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Approximately 67 hours after leaving my house in Indianapolis, I have finally arrived at my new “home” in Kenya. Four plane rides, 3 security checks, 2 hotels, and a truck ride later, I made it to the village of Kager. You can expect many stories in the weeks to come about my time here, but first, I’d like to make some observations about traveling internationally, especially to a remote location.
There are lots of ways to experience a trip. Unusual sights and people to see, sounds and languages to take in, and a range of emotions to feel, but on this trip one sensation came to the forefront. I discovered that using my taste buds was, in fact, the perfect way to judge where I am and where I am headed.
Let me illustrate with some anecdotes. Linn, my fearless traveling companion, and I barely got started on our journey when we found ourselves in Detroit’s airport with a three hour layover to waste. What better way to pass the time than make a last-ditch stop for lunch at the in-house Chili’s restaurant. Nothing says “America” better than a burger and fries!
Eventually, we were speeding over the Atlantic, and by the time dinner rolled around, I was ready to eat, more to break up the monotony of the flight than due to hunger. Plus, I was happy that on international flights, food of any kind is still served. But when I looked at the limp salad and marginal meat and mashed potato meal in front of me, I was again reminded where I was…30,000 feet up in the air and not in a sit-down restaurant.
Our next flight was with the Dutch airline, KLM, and I could taste the difference. Europeans just know how to do food right…the bread was fresh, the warm cloth they handed me to wash my hands was a nice touch, and the meal just looked all around more appetizing. Granted, I was 12 hours into the journey at this point and I was hungry.
Finally, we touched down in Nairobi and made our way to the guesthouse for the night. By breakfast, it was clear I had arrived in Africa. Fresh mangos, papaya and pineapple, Kenyan sausages (best in the world!) and an assortment of coffee and tea to choose from.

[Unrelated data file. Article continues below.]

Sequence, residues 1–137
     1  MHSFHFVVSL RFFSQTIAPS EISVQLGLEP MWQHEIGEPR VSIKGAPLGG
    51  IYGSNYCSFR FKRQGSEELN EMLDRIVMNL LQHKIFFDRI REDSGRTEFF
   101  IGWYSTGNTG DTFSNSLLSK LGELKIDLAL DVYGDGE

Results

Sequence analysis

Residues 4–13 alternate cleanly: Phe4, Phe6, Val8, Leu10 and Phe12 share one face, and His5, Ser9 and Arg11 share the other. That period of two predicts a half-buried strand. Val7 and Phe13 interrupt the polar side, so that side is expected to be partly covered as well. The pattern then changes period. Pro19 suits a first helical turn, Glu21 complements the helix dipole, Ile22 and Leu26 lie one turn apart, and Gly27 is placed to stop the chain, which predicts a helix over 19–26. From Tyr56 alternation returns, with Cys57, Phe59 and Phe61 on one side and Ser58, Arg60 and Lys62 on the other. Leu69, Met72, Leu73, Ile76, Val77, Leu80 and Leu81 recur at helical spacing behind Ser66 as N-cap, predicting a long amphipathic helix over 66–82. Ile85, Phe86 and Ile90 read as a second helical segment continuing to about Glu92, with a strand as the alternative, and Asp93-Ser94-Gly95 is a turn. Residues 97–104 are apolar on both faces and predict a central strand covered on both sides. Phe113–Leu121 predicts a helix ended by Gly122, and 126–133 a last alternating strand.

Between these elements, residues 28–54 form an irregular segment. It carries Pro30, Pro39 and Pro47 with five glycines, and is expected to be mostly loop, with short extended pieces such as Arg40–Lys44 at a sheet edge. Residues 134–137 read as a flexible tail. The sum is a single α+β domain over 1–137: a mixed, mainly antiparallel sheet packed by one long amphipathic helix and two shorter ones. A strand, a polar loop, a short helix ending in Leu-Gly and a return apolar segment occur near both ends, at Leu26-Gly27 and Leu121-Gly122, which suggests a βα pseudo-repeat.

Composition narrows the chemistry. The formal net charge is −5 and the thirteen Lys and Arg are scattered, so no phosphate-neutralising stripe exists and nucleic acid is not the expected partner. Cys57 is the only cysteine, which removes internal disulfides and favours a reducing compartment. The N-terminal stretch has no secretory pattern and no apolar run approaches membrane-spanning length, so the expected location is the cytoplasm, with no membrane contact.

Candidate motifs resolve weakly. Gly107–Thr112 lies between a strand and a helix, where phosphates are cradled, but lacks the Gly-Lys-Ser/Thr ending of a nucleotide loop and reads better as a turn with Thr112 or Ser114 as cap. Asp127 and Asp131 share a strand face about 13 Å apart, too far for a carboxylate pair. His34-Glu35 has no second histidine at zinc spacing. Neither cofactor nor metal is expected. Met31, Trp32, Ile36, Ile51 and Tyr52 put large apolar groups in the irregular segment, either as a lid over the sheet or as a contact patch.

Still, we were in the cosmopolitan hub of Nairobi, and there were lots of “western” treats, too, like cereal and peanut butter for my toast. To find authentic village cuisine, I had another day of travel ahead of me.
By nightfall we had almost completed the saga. I was checked in at the guesthouse in Kisumu, the largest town in western Kenya perched on the edge of Lake Victoria. When I looked at my dinner menu and I felt a smile spread across my face. Ugali, Chapati, sweet potatoes, fish, and cabbage. I was finally here! And of course it tasted even better with a nice Krest soda (I recommend the lemonade flavor) straight from the refrigerator.
On our fourth and final day, Linn and I eased ourselves out of the truck, a bit grimy and tired from the bumpy road, and of course, hungry, too. Soon our generous hosts presented us with a delicious meal of chicken and rice prepared Kenyan-style, the customary food given to guests in the western part of the country.
So now that I have all natural, all home-made meals to look forward to, I wonder if I’ll ever be ready to come home. But don’t worry, I’m sure the lure of some familiar favorites like deep dish pizza and brownies will get the better of me eventually!
About the Author: Jessica Shewan is a journalist with World Next Door. She graduated in 2009 from The University of Evansville with a bachelor's degree in History. She loves making new international friends and is passionate about seeing the global church pursue justice and peace!